If you can't figure out finger jams, there's no hope for you. A big key though is learning to smear the outside edge of your shoe, just below your pinky toe. Flexible ankles help.

Good outside and climb something real. At least your hard work and learning curve will be rewarded with some scenery. Isn't that why we do this?
Robb

Social climber
Under a Big Sky
Mar 13, 2007 - 06:56pm PT
Rankin
"Completely disturbed,I tried practicing hands on my buddies woodie."
Can we please keep this post on the topic of climbing?
Burns

Trad climber
Nowhere special
Mar 13, 2007 - 07:58pm PT
How to climb a crack:

1) Insert as much of your feet and hands as will fit
2) Suffer
3) Repeat steps 1 and 2 slightly higher.
Brutus of Wyde

climber
Old Climbers' Home, Oakland CA
Mar 13, 2007 - 08:03pm PT
Erik --

You're welcome to join Nurse Ratchet and I for a gym workout sometime.

e-mail me with a climbing-relevant subject line so I know its not spam...

Brutus
Omot

Trad climber
The here and now
Mar 14, 2007 - 08:37pm PT
Hey Erik,
A lot of good info here already. Here's my experience.

I moved out to the bay area after learning to climb at the Gunks and CT traprock. Didn't have crack technique, so I made a crack machine with 2 2x10s stacked together to make 16' of crack, with carriage bolts to vary the crack width. Mounted on a tree in my backyard, slightly overhung, started with hands then on to thin hands once the hands technique was solid. Together with many weekends in the Valley doing classics, I was quickly up to speed on cracks up to 5.10. Good enough for me!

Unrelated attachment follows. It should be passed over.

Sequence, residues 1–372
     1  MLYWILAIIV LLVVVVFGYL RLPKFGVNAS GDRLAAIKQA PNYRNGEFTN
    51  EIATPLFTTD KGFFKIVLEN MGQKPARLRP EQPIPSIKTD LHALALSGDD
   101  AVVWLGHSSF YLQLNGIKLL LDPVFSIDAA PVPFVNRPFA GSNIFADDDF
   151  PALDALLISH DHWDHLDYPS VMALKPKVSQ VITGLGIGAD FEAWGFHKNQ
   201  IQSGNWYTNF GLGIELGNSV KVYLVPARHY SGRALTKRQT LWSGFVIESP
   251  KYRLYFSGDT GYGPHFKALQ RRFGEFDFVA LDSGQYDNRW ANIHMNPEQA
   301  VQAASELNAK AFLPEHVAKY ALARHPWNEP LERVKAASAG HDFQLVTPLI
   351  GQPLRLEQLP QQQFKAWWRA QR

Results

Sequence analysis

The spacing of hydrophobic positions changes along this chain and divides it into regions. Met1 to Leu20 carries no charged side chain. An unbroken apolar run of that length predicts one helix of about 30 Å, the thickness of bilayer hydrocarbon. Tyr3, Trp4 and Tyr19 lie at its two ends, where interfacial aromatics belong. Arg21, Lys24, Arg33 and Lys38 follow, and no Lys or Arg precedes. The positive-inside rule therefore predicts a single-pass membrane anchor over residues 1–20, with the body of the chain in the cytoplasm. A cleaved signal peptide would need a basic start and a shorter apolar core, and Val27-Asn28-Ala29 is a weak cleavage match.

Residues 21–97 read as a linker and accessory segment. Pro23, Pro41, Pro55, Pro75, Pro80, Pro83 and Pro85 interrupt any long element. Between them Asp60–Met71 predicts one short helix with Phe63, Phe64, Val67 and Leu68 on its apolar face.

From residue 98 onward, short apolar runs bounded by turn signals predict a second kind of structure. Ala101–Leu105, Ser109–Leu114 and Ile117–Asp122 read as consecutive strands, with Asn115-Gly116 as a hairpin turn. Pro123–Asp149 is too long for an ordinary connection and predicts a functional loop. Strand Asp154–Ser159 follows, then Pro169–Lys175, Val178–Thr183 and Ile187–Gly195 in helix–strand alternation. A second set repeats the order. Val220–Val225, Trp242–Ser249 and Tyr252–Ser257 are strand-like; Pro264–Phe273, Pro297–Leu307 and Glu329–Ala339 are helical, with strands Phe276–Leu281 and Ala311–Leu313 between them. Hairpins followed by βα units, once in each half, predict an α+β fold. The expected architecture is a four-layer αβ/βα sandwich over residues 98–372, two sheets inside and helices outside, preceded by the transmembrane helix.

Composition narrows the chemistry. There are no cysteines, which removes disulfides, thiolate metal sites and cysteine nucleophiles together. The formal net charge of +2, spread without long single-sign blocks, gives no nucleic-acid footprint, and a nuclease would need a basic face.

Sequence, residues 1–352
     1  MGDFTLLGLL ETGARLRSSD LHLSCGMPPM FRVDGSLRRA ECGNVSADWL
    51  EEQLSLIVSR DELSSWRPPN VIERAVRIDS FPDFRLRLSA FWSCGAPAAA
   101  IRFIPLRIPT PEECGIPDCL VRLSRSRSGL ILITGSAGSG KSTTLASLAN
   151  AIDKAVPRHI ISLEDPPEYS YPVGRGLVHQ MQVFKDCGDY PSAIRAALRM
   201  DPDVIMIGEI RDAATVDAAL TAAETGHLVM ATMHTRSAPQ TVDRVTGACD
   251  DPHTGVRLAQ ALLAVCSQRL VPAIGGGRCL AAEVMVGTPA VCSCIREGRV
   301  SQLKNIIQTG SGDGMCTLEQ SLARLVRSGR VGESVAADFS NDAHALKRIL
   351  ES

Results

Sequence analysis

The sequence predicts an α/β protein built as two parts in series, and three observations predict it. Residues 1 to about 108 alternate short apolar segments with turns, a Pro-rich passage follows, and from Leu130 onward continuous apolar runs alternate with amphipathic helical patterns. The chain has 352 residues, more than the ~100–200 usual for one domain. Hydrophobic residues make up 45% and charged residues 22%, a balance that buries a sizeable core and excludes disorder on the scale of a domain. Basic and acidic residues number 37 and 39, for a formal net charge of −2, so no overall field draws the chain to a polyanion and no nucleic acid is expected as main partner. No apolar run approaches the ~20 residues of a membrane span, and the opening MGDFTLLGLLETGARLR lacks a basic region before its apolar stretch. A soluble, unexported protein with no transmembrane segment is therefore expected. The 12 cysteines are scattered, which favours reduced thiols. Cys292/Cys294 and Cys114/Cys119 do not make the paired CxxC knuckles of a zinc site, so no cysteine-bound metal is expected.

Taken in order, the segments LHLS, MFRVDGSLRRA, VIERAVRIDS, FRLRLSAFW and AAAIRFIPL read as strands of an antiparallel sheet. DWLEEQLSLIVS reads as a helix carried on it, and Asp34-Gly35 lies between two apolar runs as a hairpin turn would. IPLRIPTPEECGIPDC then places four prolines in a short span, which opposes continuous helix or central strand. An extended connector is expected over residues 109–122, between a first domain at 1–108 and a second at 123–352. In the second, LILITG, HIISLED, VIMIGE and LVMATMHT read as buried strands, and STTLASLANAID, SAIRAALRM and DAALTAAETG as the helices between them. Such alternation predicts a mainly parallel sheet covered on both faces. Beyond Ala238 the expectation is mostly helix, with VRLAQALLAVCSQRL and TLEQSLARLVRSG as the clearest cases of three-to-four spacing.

Once you get the hand jamming down it is pure heaven...and feels so secure. And it's like riding a bike, you'll never forget it. In fact, once you become an old fart like me, it will be the only thing you can climb (besides slabs).

I've always preferred not taping to get the best feel of the rock while climbing. I would gobie at climbs at or beyond my limit, which has taken its toll over the years. Scar tissue rips easier than original skin. So beware as you start out and definitely tape at the gym. Those surfaces are pretty grainy, much more than most Yosemite granite.

Finally, a thought on technique. Others have stated this already, but thumbs up is easier to move off of, while thumbs down is more secure. Sometimes using the upper hand thumbs down and the lower hand thumbs up works well, especially if the crack is leaning left or right a bit. You can crank to your waist with the lower hand and get good extension through your chest for the upper jam.